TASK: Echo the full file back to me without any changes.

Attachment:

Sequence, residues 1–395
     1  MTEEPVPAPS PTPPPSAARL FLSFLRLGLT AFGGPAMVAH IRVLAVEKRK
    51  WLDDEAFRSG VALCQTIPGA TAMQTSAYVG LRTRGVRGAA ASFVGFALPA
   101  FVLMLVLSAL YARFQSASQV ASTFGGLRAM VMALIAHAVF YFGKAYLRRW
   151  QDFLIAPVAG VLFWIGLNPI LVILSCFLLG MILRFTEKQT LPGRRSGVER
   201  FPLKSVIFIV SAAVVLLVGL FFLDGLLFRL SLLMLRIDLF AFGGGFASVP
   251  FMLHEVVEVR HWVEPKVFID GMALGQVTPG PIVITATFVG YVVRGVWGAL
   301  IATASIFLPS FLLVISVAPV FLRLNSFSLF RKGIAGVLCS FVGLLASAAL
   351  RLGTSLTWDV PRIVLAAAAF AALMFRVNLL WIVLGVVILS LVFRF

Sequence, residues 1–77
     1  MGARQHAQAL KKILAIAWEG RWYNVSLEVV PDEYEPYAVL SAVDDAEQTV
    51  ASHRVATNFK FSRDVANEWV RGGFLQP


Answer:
Sequence, residues 1–395
     1  MTEEPVPAPS PTPPPSAARL FLSFLRLGLT AFGGPAMVAH IRVLAVEKRK
    51  WLDDEAFRSG VALCQTIPGA TAMQTSAYVG LRTRGVRGAA ASFVGFALPA
   101  FVLMLVLSAL YARFQSASQV ASTFGGLRAM VMALIAHAVF YFGKAYLRRW
   151  QDFLIAPVAG VLFWIGLNPI LVILSCFLLG MILRFTEKQT LPGRRSGVER
   201  FPLKSVIFIV SAAVVLLVGL FFLDGLLFRL SLLMLRIDLF AFGGGFASVP
   251  FMLHEVVEVR HWVEPKVFID GMALGQVTPG PIVITATFVG YVVRGVWGAL
   301  IATASIFLPS FLLVISVAPV FLRLNSFSLF RKGIAGVLCS FVGLLASAAL
   351  RLGTSLTWDV PRIVLAAAAF AALMFRVNLL WIVLGVVILS LVFRF

Sequence, residues 1–77
     1  MGARQHAQAL KKILAIAWEG RWYNVSLEVV PDEYEPYAVL SAVDDAEQTV
    51  ASHRVATNFK FSRDVANEWV RGGFLQP